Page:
UNC Center of Excellence Maternal and Child Health Epidemiology Doctoral Training Program. The Maternal and Child Health Epidemiology Doctoral Training Program provides stipend support to two MCH doctoral students minoring in epidemiology and conducting dissertation research on a U.S.-focused MCH issue. The purpose of this program is to support the preparation of the future MCH epidemiologic workforce by promoting advancements in applied MCH research. The call for applications for this award is announced during the spring semester and the award is disbursed the following academic year.
UNC Center of Excellence Maternal and Child Health Postdoctoral Program. The Maternal and Child Health Postdoctoral Program provides 1-2 year postdoctoral positions to prepare doctoral graduates for academic positions within the field of MCH. The program focuses on enhancing postdoctoral scholars’ proficiency in MCH research, teaching, conceptual knowledge, communication, professionalism, and leadership, under the guidance of an MCH mentoring committee.
Lynn Balén, MPH student. I graduated from the University of Pennsylvania in 2019 with a B.A. in in Health & Societies, concentration in Public Health, and minor in Gender, Sexuality, and Women Studies. During my undergraduate, I worked on research that explored how parents of gay, bi and queer sons engaged in the “sex talk”. This work along with my experiences learning and researching public health issues in a variety of global contexts including Vietnam, South Africa, Argentina, and Guatemala, laid the foundation for which my passion for public health built upon. Upon graduating, I served as a Peace Corps Community Health Specialist based in Cameroon, where I was able to continue supporting public health programming on a local level based in a global context. Most recently, I have worked as a Research Analyst with Child Trends where I have supported several adolescent-focused research projects, including an exploration of innovative practices to increase family planning service-delivery to adolescents in school-based health settings and an evaluation of a sex education app with a focus on creating inclusive, comprehensive sex education relevant to LGBTQ+ youth. With my academic background and professional experience, I have honed in on my specific field interests that lie at the intersection of maternal and child health, sexual and reproductive health, and LGBTQIA+ community health. At UNC, I am interested in researching the positionality of queer mothers and other queer parents in the innately heteronormative spaces of reproduction and parenthood.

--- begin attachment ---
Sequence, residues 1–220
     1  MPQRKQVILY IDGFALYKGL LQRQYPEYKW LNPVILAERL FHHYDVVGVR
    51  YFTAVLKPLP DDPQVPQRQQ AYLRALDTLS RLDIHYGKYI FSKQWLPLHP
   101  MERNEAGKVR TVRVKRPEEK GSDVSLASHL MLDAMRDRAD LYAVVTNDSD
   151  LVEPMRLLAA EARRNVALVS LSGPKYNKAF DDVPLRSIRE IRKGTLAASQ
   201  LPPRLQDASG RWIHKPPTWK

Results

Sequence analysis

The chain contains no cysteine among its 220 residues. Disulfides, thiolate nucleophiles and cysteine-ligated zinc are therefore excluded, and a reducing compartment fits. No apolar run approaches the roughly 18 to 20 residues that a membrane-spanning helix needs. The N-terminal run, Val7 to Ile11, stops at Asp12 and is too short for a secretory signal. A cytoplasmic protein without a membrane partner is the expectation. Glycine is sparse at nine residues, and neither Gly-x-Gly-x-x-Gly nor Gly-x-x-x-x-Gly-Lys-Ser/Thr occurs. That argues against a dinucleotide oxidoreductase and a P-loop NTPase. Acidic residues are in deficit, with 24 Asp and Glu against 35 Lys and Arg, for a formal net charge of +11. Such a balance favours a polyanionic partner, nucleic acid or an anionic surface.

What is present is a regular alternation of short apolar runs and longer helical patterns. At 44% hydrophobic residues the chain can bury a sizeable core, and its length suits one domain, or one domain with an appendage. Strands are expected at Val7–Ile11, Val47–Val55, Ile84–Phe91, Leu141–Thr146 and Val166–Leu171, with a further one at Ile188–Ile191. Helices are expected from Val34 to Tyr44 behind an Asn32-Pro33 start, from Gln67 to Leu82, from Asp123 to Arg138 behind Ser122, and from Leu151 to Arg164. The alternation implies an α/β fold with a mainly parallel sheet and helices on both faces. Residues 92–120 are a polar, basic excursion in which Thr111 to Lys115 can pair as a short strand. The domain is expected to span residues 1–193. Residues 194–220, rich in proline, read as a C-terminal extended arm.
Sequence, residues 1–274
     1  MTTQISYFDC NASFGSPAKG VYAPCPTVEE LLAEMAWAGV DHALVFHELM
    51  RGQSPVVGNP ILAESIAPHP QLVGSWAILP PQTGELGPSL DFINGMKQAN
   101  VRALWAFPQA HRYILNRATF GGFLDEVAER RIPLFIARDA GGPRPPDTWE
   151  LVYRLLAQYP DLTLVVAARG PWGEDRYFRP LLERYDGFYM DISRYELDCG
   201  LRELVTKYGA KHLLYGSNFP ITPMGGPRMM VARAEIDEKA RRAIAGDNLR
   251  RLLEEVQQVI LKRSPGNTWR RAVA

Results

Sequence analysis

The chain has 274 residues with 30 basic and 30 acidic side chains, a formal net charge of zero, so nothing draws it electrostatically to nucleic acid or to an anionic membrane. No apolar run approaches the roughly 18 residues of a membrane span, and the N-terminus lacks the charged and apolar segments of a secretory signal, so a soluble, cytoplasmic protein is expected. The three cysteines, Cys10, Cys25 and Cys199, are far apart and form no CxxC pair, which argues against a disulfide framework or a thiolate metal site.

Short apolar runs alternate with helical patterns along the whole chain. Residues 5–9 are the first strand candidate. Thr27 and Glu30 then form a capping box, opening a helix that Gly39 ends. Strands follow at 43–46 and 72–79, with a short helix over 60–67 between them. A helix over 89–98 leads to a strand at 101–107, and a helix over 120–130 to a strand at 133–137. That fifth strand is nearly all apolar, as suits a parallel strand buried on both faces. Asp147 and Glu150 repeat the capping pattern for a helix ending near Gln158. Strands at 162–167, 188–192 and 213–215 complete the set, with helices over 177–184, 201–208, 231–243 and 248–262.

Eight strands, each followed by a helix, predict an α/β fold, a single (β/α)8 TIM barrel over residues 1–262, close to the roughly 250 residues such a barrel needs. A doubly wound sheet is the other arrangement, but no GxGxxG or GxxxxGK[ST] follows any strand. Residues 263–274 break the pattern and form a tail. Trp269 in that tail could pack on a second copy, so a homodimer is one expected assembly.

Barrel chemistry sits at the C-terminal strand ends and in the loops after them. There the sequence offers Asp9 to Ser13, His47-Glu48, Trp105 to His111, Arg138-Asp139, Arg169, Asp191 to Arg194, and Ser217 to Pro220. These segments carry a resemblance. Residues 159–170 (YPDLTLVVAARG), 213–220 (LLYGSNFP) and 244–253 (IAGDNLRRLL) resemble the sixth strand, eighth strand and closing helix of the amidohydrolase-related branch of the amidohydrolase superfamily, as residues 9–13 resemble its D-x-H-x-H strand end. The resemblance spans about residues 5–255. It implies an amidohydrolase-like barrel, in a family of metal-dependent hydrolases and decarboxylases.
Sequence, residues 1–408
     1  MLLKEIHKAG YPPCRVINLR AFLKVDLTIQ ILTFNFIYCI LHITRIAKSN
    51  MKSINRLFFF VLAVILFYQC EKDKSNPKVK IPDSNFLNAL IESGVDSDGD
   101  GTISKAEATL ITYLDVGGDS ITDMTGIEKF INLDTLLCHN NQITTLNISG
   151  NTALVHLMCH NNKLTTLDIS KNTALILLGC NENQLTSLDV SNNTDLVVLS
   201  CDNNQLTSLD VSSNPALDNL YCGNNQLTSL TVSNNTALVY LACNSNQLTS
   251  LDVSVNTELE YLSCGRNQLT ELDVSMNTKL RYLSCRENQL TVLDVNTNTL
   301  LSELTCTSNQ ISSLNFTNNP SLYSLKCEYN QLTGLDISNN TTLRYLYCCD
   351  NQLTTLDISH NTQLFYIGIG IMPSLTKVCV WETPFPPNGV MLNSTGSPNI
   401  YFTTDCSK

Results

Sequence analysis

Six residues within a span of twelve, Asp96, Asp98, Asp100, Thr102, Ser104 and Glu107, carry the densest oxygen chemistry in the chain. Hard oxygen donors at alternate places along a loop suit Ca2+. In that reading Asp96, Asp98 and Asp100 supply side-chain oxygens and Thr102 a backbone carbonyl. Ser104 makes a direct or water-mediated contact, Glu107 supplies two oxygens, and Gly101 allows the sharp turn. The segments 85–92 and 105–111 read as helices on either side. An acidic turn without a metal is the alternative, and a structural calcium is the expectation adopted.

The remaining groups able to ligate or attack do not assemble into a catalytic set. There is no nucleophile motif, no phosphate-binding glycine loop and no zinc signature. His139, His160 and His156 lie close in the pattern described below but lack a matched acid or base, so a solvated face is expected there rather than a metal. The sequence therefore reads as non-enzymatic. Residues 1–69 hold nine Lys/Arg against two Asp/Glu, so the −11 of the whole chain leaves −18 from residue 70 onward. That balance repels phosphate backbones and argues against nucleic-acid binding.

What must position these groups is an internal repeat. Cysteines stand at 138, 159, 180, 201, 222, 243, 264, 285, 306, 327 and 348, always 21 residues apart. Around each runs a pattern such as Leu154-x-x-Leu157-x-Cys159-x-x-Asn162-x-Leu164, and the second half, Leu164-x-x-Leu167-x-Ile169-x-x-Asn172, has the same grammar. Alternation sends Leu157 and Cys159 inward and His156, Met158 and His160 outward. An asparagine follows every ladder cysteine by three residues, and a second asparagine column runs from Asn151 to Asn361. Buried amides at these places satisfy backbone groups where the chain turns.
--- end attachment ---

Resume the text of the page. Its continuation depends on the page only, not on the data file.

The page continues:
Brandyn Brown-White, MPH student As a North Carolina native, I am so excited to be back home, continuing my education at Gillings. In the spring of 2022, I graduated from the University of Florida with my Bachelor of Science degree in Health Education. As a student, I had the opportunity to study STI patterns within the Gainesville community and evaluate sexual health-education programs across the state of Florida. During my undergraduate studies, I also served as an intern at an underserved maternity ward in Cape Town, South Africa. Here I participated in various realms of maternal and infant healthcare including screening new patients, providing pre-and post-natal education and counseling to new mothers, conducting HIV/AIDS testing and counseling, and serving as a birthing companion during labor and delivery. My experiences both domestically and internationally cemented my interest in public health, and specifically, maternal & child health. My specific research interests include maternal and infant health outcomes for women and infants who belong to historically underserved and marginalized groups, the lactation and breastfeeding experience for women and infants who belong to these groups, and perinatal mental health. This year I look forward to taking advantage of every opportunity offered within the department while networking with leaders in the concentration and increasing my knowledge base. I am most excited to gain more hands-on experience within the field, alongside a cohort of driven and passionate classmates!